Contractual variations/cancellations/amendments over email

There may be many different reasons why one varies or cancels a contract. As is normal in business practice, contracts are very often amended, varied and/or cancelled. However must must always be wary of the obligations which have been prescribed in the contract. 

This meaning, that should the contract stipulate a manner of amendment/variation/cancellation, one must always take heed of what has been stipulated in order that the amendment/variation/cancellation be valid and binding.

A very common contractual terms prescribes that amendments/variations/cancellations may be done in writing and signed by both parties. The question at hand is whether email correspondence between the parties agreeing to variation/amendment/cancellation is sufficient to fulfill the term in writing and signed.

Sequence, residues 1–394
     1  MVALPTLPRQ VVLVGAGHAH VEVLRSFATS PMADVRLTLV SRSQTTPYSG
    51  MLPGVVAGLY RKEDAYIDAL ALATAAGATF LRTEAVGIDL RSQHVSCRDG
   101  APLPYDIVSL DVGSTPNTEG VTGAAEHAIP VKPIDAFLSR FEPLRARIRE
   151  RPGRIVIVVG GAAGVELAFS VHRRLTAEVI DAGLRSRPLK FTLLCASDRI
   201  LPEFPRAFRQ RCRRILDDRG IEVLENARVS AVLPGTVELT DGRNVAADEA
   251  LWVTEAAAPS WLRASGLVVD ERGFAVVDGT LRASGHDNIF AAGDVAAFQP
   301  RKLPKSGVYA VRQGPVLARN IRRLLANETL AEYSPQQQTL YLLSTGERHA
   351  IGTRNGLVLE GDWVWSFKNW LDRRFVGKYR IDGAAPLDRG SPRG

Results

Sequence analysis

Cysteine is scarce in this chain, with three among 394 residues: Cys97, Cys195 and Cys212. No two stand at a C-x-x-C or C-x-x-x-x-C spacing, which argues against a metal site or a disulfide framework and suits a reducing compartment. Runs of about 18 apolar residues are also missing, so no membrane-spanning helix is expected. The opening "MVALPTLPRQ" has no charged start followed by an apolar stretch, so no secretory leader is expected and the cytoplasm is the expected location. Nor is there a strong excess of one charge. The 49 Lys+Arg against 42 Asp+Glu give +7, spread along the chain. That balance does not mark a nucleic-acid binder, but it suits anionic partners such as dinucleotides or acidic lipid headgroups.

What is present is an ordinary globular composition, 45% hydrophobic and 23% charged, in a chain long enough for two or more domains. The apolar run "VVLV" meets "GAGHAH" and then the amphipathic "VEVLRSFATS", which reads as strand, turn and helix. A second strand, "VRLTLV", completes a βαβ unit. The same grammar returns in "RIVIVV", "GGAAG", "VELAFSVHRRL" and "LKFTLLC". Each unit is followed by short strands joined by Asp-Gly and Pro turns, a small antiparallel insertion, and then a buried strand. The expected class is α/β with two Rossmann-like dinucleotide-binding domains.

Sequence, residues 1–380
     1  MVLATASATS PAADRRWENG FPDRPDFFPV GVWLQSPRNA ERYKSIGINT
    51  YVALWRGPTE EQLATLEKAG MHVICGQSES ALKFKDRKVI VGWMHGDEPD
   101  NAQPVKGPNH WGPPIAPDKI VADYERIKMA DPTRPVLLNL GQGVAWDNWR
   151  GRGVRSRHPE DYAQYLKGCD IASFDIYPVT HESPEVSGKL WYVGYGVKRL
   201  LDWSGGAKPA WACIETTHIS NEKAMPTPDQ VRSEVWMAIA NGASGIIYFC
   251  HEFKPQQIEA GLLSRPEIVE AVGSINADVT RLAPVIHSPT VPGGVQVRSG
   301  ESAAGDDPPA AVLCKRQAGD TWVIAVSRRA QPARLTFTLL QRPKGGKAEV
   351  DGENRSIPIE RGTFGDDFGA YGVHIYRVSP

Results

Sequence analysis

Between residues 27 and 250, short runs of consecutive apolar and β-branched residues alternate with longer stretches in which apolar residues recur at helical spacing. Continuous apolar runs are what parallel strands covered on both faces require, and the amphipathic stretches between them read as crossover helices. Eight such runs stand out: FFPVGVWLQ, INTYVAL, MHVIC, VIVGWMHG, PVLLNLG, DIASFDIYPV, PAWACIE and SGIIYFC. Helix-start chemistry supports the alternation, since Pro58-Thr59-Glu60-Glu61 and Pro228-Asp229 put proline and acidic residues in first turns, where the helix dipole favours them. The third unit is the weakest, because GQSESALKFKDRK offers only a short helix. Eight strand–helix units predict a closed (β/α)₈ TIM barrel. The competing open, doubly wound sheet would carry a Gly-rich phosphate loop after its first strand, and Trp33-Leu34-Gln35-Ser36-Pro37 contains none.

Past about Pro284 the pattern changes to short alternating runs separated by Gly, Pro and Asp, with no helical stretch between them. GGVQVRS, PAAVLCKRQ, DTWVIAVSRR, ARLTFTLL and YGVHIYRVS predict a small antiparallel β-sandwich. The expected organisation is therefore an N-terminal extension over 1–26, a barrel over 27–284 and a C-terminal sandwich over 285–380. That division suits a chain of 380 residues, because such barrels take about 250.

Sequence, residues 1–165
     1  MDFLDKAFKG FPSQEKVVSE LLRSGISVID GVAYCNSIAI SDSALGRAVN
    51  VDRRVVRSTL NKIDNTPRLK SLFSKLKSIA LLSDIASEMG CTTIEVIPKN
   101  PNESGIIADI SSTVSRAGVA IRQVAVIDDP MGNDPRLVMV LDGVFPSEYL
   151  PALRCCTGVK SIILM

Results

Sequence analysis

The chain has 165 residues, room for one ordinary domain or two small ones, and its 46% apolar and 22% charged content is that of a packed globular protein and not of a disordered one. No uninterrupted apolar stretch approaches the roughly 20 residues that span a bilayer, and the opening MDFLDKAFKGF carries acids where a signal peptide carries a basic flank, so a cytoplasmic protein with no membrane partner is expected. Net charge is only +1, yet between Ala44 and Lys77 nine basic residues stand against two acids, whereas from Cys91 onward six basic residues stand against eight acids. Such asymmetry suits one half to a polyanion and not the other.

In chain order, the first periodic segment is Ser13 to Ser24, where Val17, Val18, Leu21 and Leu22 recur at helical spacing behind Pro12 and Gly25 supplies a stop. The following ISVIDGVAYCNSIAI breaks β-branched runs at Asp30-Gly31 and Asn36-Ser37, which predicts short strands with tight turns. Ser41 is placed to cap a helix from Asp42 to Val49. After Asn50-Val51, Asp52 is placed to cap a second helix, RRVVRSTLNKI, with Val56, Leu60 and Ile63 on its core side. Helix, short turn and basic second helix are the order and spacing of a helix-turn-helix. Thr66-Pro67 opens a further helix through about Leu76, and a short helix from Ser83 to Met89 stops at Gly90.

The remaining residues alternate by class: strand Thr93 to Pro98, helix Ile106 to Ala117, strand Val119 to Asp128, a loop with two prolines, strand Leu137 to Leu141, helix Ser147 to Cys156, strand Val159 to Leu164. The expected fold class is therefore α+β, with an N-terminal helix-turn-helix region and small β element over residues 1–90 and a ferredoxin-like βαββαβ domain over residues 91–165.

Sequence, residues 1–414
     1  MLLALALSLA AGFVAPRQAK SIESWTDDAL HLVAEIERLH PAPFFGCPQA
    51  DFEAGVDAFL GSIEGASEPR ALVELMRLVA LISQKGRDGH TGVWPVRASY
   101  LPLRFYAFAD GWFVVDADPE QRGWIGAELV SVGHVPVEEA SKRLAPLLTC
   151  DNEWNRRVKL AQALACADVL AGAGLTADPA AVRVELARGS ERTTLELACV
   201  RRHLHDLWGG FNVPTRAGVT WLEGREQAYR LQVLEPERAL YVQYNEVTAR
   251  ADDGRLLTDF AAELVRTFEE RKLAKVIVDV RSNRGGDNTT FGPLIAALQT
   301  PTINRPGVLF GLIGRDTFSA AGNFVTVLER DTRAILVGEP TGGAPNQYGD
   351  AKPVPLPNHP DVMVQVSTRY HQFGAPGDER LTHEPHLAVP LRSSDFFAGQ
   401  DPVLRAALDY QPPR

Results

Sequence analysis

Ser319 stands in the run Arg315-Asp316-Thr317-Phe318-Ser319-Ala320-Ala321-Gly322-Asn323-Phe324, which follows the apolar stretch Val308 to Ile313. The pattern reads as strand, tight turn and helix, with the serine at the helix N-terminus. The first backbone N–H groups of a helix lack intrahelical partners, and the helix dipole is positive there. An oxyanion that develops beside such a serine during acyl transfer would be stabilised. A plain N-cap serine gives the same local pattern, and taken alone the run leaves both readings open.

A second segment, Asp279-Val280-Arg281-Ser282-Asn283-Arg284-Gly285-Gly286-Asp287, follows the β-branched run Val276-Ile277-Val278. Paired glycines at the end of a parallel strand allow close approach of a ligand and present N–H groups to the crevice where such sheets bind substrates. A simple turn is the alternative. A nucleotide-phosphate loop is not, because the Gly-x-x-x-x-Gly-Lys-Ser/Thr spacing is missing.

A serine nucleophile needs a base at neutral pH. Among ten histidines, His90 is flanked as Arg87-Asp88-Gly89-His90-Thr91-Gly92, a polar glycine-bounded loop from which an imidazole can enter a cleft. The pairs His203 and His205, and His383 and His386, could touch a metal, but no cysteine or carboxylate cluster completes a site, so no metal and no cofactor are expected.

The Supreme Court of Appeal (Spring Forest Trading 599 CC/Wilberry (Pty) Ltd t/a Ecowash) recently held that correspondence over email cancelling a contract is sufficient for when a contract requires cancellations to be in writing and signed by the parties. The email signature amounts to an electronic signature as it contains the typed names of the parties in terms of the Electronic Communications and Transactions Act.

It is noteworthy that if a contract states that it must be varied in writing, an oral agreement to vary will not stand up in court. So if you orally agree to such, it is best that an email is sent to the other party for them to confirm in writing/by email for the action to be binding. For certainty is still recommended to reduce the agreed to writing and have it signed by both parties.

Whenever dealing with business relationships that are guided by a binding contract, one must always follow the contract and what it (legaly) prescribes.